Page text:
While one U.S. soldier lived off of dead dogs and onions in 130-degree heat during a tour in Afghanistan, someone was stealing his most precious possession.

A certain kind of theft is hitting members of the military especially hard. In fact, our country's heroes are being preyed upon precisely because they are away from home.

When my friend Mike, whose name we've changed to protect his identity, was in the infantry in 2006, he didn't have access to a computer for eight months, let alone supplies. Once, he survived on dead dogs and onions for 45 days because he was so far ahead of the supply trucks that kept getting blown up along the way. He lost 47 pounds, had bouts with dysentery and suffered from malnutrition in the desert heat.

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And while he was overseas, at war, his identity was stolen, leaving him with an $83,000 boat loan and 300% interest rates to contend with.

Mike is not alone. According to a report from the Federal Trade Commission, identity theft tops the list for types of fraud crimes on our military personnel. Most complaints came from the Army and from Alaska.

The Problem Of Identity Theft

By far, identity theft made up the biggest chunk of complaints with almost 30% (5,000 of 18,600 complaints) -- followed by debt collection at 14% (2,700 complaints). Government documents/benefits fraud and credit card fraud were the most common type of reported identity theft in 2011 for the military. Enlisted personnel are targeted more than officers, according to the Sentinel Data Book, the report created to help law enforcement efforts.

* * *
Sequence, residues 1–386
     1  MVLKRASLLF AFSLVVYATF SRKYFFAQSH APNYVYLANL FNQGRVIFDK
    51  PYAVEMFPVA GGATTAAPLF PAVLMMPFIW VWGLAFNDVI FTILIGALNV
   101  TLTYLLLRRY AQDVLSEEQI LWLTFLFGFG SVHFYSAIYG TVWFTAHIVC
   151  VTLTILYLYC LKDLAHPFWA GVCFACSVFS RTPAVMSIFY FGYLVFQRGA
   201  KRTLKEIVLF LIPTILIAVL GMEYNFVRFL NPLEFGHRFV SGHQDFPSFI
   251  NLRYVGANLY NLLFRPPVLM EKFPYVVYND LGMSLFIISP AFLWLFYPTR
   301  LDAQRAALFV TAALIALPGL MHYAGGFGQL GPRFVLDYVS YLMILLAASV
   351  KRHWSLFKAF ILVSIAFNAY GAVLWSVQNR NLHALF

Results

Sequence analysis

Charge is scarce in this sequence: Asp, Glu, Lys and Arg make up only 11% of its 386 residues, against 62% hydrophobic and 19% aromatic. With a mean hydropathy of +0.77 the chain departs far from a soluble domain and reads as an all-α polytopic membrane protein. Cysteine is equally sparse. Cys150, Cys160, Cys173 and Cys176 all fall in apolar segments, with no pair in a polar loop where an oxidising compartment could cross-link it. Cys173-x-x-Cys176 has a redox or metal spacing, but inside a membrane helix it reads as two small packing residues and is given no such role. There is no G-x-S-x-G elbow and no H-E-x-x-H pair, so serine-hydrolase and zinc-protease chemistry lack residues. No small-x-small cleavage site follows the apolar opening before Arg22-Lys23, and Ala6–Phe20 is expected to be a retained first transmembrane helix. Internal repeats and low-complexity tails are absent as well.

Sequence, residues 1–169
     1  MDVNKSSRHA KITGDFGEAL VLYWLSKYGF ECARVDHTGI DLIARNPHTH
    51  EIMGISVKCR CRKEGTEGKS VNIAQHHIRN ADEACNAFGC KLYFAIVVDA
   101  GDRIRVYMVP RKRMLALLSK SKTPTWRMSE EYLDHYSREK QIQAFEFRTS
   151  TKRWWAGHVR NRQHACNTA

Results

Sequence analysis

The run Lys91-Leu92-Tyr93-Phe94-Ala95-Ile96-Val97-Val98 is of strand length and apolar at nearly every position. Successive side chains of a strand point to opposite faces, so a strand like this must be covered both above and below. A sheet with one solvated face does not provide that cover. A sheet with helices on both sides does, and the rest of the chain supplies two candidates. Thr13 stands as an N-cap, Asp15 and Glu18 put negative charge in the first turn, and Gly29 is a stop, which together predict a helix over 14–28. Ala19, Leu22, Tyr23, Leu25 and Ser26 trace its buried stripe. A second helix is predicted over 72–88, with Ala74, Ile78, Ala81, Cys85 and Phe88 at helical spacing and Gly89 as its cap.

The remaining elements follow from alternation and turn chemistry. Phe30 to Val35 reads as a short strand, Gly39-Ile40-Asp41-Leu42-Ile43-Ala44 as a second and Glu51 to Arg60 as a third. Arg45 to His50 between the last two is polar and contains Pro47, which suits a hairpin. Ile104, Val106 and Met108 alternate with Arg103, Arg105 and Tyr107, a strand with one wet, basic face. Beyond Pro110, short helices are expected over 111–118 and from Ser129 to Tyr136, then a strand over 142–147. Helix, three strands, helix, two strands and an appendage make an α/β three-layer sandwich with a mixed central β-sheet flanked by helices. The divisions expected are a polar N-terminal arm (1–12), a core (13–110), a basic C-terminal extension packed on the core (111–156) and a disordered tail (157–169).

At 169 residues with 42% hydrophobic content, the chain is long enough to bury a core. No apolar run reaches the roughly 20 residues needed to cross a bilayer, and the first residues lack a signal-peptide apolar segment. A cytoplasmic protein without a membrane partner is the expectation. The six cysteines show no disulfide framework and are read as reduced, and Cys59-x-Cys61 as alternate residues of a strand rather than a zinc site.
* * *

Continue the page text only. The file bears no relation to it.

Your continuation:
Up until very recently, the Social Security number appeared on a lot of the service members' gear -- their uniform, a footlocker, the duffel bag they might carry around -- and so that number was emblazoned everywhere,' said Carol Kando-Pineda, counsel for the Division of Consumer and Business Education of the Federal Trade Commission in Washington, DC. 'I've heard from service members who have said, 'We were stacking up vehicles to load our gear to go, to fly to a duty station or to get on a ship or whatever, and you could see the bags stacked up with the Social Security numbers facing up.''

'According to the U.S. Marine Corps, the Department of Defense has moved to reduce the use of Social Security numbers 'whenever possible.' They are not to be used on spreadsheets, hard copy lists, forms, electronic reports or surveys -- unless the need for them meets more stringent criteria.

'Some of the major initiatives Marines will notice are that there are no longer SSNs on military or dependant ID cards, and any form not required by law or operational necessity will use the last four as an identifier,' said Marine Corps spokesman Capt. Eric Flanagan. 'Any federal government forms that require the SSN are protected under the Privacy Act, and the records of the individuals maintained in accordance with the Privacy Act.'

This is a big change from a few years ago, when Mike was told to put his name and Social Security number across just about every piece of paper that he submitted for military business. Many forms also asked for his mother's maiden name.